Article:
“The camera makes Ben look all weird over Zoom," said classmate Kathy Wilson, watching Smithston make a double chin as he struggled to look at the camera like a normal person.
According to incoming freshman Peggy Ulchit, her room for the upcoming fall semester is only a 15,925 minute walk away from the Ratty.
“I just checked Google Maps, and it looks like it’ll only take me about 16,000 minutes to get from my room to the Ratty," Ulchit said, drawing a line from her home just outside Greensboro, North Carolina to the dining hall.
In a recent press conference, statisticians from the United States Census Bureau announced plans to count by twos this year. “It usually takes us a full year to count every single person in the U.S. one-by-one, but recently we’ve concluded that it would be much faster if we just counted by twos instead,” said Ron LaPierre, who spent his entire career as a statistician counting by ones like a preschooler.
In a recent study, the nation’s dogs announced that they have been experiencing exponential growth in daytime tummy rubs.
“We first noticed a shift emerging in early March,” barked Buster, a chocolate labradoodle. “Some dogs on the west coast started to notice an extra tummy rub in the afternoon when their owners got home from work.”
Initially, the dogs only predicted a small growth of tummy rubs in some regions of the country.
According to observers, area man Tom Girkenstien is wearing his watch on the inside of his wrist like he’s some sort of Navy SEAL.
“Tim always likes to wear his watch on the inside of his wrist as if he’s an elite soldier,” said Brett Kirkpatrick, a co-worker of Girkenstien’s.
Local mom Susan Gilford recently remarked that Thayer Street is so quaint, revealing she has never been mowed down by an Uber at 3 pm on a Tuesday.
“Thayer is so nice with its tiny shops and restaurants," said Gilford, who has never once had to dodge an oncoming ride-sharing vehicle barreling down the road on her way home from class.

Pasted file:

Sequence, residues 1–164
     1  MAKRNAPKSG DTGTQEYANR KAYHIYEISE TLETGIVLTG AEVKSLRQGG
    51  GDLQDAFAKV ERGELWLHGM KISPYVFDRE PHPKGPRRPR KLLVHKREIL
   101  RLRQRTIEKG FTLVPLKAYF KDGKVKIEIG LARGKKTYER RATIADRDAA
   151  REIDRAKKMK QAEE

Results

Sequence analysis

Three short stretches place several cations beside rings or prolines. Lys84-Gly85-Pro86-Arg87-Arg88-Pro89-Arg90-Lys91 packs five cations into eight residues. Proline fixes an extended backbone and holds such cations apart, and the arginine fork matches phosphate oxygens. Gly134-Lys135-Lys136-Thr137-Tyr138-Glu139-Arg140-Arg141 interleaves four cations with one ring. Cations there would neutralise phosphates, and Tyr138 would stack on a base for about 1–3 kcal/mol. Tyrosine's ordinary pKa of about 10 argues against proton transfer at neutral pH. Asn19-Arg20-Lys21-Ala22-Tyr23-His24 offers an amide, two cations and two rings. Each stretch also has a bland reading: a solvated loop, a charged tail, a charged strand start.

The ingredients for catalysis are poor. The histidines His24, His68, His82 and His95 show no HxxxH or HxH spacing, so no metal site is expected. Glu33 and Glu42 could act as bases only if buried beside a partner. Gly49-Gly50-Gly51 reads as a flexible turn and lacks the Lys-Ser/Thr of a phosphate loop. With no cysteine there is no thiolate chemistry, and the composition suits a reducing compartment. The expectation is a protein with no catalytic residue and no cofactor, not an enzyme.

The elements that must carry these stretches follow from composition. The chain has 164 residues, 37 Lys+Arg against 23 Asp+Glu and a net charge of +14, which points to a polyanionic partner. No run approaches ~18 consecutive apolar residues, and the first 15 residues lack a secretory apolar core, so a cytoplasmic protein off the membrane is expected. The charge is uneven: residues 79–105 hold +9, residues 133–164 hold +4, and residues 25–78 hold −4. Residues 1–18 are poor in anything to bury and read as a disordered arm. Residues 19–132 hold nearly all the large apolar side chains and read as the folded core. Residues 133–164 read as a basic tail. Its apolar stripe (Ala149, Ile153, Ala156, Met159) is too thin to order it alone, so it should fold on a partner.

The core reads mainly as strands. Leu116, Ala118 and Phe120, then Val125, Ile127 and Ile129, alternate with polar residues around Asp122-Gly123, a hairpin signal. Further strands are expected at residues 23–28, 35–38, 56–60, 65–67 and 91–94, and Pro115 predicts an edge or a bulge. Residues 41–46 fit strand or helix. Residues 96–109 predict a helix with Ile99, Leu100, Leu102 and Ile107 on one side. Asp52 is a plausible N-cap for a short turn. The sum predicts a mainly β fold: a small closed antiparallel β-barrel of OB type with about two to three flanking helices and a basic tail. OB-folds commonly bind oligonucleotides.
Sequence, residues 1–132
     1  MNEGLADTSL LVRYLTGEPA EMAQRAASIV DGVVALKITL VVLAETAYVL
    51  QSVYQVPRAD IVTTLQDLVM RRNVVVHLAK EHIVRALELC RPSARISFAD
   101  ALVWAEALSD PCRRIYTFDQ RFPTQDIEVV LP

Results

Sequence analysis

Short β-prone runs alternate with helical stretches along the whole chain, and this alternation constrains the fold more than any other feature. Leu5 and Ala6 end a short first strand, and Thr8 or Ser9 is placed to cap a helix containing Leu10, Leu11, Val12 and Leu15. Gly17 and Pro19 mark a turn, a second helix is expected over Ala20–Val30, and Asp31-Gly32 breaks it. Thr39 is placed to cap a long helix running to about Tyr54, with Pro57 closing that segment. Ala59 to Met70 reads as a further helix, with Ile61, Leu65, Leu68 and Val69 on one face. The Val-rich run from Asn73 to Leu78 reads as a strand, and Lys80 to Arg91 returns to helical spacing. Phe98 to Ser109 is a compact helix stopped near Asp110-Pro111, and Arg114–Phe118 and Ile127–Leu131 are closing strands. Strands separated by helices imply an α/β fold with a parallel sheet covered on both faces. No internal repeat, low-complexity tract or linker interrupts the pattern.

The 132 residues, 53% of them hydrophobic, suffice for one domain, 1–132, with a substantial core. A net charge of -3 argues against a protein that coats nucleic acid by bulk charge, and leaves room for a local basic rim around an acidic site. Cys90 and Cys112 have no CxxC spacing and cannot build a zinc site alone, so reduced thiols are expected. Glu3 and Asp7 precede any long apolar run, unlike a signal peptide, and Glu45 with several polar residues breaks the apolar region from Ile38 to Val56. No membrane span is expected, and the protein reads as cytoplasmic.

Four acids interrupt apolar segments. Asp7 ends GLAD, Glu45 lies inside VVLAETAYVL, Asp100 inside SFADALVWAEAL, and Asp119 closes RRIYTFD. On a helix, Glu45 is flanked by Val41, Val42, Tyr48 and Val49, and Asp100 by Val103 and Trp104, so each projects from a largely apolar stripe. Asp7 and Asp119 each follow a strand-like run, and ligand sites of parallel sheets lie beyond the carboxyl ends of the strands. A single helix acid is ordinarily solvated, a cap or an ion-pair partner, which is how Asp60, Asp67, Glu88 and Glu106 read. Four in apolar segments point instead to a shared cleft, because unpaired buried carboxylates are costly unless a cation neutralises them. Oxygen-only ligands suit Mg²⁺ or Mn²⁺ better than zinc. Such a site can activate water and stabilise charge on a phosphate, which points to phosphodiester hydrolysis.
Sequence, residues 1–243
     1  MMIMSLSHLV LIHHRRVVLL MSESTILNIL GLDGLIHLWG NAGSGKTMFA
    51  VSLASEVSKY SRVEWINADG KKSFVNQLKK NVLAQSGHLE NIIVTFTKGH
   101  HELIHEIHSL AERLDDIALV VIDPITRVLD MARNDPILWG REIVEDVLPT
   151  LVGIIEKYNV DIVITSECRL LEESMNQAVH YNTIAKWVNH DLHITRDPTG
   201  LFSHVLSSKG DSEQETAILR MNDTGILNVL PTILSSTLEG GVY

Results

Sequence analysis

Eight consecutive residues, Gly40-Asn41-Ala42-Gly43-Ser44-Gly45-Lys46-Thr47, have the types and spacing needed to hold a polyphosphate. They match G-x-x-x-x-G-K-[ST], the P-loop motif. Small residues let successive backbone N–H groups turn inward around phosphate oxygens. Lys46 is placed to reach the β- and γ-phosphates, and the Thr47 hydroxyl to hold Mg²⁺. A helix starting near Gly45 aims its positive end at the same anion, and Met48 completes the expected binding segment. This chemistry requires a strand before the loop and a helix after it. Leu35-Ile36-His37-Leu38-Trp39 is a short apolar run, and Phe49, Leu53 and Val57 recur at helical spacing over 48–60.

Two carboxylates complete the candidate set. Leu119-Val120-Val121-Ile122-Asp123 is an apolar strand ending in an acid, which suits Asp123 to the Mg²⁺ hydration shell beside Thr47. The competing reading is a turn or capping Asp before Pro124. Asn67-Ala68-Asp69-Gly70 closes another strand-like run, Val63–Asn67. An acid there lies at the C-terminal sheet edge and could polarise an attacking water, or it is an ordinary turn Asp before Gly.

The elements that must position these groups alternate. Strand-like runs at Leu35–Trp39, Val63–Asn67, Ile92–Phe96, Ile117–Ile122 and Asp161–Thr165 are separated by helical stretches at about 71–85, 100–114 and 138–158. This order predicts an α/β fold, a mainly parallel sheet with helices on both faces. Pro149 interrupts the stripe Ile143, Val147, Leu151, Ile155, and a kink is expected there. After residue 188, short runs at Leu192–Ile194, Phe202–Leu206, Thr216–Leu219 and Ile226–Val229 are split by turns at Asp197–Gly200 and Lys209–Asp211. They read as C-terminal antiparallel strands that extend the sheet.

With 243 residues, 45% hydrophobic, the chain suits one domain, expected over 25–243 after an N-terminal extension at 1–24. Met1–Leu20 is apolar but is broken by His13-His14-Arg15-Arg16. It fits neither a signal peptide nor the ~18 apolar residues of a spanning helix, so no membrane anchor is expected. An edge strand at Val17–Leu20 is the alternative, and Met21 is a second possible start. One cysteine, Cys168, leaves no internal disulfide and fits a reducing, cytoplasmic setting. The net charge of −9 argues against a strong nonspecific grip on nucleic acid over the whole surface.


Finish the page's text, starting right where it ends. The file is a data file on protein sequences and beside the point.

According to fashion aficionado James Kroneberg, the RISD fashion show was just a single man not wearing pants.
“I came expecting to see all sorts of revolutionary designs from the nation’s top young fashion designers,” said Kroneberg, a confused look on his face.
Sources report that Saxophone Boy is just honking his big ol’ horn.
“Toot toot,” went the Saxophone Boy, absolutely wailing on his jumbo piece of brass. “Skooby dooby doop doo whoop whoop bop.”
“Bwaaaaaaaaaaaaaaaaaaaaaap,” continued the Saxophone Boy, really laying wind into his big honking tube.
After ending his Presidential campaign in February, Andrew Yang ’96 told reporters that his whole campaign was just a massive ruse to become a Watson Fellow.
“Our campaign tried to bring the economic hardships faced by everyday Americans into the common political discourse,” said the Brown alum, already putting on a Watson baseball hat.
During a recent lecture, Professor Erik Yerbikson reminisced about a steamy fling he had with the author of this week’s reading, Nina Jacobson.
“The essay I assigned by Jacobson is a groundbreaking piece of scholarship in the field of American Politics,” said Yerbikson, his cheeks starting to flush.
Construction workers across Brown reported that they have found a disappointing lack of bones in their various projects across campus.
“I spend my entire day using an excavator to dig a giant hole in the middle of campus,” said construction worker Mick Plorbinski.
According to a recent announcement by ecologist Sienna Grantenhooper, tadpoles are blissfully unaware of the brutish monsters they will one day become.
“Tadpoles grow up completely oblivious to the fact that they will one day become frogs,” said Grantenhooper, watching a tadpole carelessly dart through some seaweed.